2. VA Disability Rating

Mr. Winnick has been rated 100% disabled by the VA and receives VA disability benefits. He complains that in determining he was not disabled, the ALJ failed to give proper consideration to his VA disability rating.

In a rating decision dated January 31, 2008, the VA granted Mr. Winnick entitlement to individual unemployability status, effective March 14, 2007. This entitlement was based on a combined service-connected disability rating of 80% for his intervertebral disc syndrome, generalized anxiety disorder, and radiculopathy. Because of the likelihood of improvement in his back conditions, this entitlement was “not considered permanent and [was] subject to a future review examination.” R. at 483. But on August 31, 2009, the VA determined based on a subsequent examination by Dr. Tran that Mr. Winnick had “a total service-connected disability, permanent in nature.” Id. at 504.

In his decision, the ALJ acknowledged that Mr. Winnick was receiving VA disability benefits. He then stated:

The criteria used to determine a Veteran's disability rating is [sic] different from the criteria in the Social Security disability evaluations set out in rules and regulations. As such, determination by another agency of disability is not binding on the [ALJ]. ․ The [ALJ] has considered the fact that the claimant has impairments that the VA has found to be disabling and this has been factored into the claimant's [RFC].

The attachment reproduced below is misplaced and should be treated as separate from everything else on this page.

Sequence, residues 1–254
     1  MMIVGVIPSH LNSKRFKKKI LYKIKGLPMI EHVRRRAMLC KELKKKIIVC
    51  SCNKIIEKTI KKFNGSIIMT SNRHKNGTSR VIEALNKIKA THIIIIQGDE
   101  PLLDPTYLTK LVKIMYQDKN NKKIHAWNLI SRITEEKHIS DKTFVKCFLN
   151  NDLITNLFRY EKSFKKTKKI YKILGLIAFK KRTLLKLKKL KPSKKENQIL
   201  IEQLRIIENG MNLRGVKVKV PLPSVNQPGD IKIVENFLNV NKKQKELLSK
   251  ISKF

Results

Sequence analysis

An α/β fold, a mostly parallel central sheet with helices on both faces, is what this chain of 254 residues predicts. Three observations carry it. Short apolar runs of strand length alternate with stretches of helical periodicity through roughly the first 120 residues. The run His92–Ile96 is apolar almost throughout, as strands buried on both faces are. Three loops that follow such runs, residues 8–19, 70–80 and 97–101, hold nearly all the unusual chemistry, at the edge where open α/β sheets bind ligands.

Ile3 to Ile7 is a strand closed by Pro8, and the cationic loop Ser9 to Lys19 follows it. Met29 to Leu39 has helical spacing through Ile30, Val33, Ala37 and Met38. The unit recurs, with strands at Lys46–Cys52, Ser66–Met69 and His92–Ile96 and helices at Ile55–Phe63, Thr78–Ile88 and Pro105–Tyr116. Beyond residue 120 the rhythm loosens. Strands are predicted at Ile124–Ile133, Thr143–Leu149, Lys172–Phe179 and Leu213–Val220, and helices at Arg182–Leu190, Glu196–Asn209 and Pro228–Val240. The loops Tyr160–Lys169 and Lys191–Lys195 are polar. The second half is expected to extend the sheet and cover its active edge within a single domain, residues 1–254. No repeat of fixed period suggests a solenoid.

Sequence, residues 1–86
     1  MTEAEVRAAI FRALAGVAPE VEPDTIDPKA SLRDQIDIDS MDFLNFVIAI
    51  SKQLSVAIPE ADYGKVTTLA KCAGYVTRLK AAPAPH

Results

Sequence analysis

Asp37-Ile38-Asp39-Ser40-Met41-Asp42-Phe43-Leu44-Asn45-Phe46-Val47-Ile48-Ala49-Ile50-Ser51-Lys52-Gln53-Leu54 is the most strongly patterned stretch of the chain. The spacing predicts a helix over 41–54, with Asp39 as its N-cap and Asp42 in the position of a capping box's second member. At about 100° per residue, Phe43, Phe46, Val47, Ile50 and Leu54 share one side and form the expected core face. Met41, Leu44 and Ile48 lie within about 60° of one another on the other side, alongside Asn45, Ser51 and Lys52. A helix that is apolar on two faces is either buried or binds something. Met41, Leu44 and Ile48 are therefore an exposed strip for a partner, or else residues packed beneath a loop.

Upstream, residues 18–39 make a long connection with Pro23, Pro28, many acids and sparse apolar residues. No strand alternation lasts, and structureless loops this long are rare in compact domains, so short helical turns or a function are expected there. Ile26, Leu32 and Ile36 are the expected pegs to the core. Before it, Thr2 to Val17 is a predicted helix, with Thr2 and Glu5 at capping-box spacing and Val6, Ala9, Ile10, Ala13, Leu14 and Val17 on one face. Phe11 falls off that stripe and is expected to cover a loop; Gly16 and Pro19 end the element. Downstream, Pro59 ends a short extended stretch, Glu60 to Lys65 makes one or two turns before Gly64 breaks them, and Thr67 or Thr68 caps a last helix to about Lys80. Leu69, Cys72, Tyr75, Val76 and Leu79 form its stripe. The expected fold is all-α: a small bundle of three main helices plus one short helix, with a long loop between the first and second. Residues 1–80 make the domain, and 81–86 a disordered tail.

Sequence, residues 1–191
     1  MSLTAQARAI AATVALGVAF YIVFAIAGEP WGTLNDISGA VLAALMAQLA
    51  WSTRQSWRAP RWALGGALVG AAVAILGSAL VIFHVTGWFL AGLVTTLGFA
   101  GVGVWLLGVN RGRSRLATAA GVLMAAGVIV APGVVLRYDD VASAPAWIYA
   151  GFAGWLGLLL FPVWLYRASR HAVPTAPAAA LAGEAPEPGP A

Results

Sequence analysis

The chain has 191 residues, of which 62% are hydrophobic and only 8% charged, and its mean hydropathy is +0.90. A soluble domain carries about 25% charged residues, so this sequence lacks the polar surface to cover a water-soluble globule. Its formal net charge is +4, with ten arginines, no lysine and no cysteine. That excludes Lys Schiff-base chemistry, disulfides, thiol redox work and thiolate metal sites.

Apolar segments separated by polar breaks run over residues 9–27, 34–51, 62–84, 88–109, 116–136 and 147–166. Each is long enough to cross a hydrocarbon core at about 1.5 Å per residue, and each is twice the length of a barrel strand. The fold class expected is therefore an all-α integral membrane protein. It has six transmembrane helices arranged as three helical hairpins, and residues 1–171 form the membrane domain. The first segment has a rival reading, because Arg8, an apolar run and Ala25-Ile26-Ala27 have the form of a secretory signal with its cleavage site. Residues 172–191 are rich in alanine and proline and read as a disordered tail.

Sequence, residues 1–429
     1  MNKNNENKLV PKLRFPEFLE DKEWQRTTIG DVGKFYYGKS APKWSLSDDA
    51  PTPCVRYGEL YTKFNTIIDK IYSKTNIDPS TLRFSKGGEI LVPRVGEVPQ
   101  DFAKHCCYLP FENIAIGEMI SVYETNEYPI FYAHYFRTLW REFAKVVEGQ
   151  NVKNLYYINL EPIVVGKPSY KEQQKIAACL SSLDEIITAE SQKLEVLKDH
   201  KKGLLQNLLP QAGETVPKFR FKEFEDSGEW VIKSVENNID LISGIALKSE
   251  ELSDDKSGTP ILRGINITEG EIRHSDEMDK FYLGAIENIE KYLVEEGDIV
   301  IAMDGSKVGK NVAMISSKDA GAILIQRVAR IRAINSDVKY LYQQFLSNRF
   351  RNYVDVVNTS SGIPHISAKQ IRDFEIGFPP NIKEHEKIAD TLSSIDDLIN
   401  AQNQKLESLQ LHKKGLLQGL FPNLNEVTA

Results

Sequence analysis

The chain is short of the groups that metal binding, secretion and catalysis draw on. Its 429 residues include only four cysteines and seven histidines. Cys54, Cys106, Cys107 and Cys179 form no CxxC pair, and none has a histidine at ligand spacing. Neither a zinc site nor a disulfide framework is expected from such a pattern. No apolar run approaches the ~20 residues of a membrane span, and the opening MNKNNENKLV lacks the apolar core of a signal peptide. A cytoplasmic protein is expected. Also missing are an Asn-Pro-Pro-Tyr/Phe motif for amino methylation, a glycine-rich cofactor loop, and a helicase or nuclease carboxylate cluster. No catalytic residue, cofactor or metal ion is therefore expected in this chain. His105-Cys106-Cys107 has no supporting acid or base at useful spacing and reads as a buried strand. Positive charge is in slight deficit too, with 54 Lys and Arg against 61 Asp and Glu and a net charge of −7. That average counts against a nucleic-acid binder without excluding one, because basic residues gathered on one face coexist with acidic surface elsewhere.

Id. at 39-40.

This was the extent of the ALJ's evaluation of the VA rating. “Although another agency's determination of disability is not binding on the Social Security Administration, ․ it is evidence that the ALJ must consider and explain why he did not find it persuasive.” Grogan v. Barnhart, 399 F.3d 1257, 1262 (10th Cir. 2005) (emphasis added); see also 20 C.F.R. §§ 404.1504, 416.904 (stating disability determination made by another agency is not binding on the Social Security Administration). Here, the ALJ determined that the VA correctly enumerated Mr. Winnick's impairments, but did not follow the VA's conclusion they were disabling. He never explained why he found the VA's determination of disability unpersuasive. Nor, for that matter, did he specifically explain how the “impairments that the VA has found to be disabling” were “factored into the claimant's [RFC].” R. at 40. On remand, the ALJ should provide a more complete explanation of his evaluation of the VA's rating.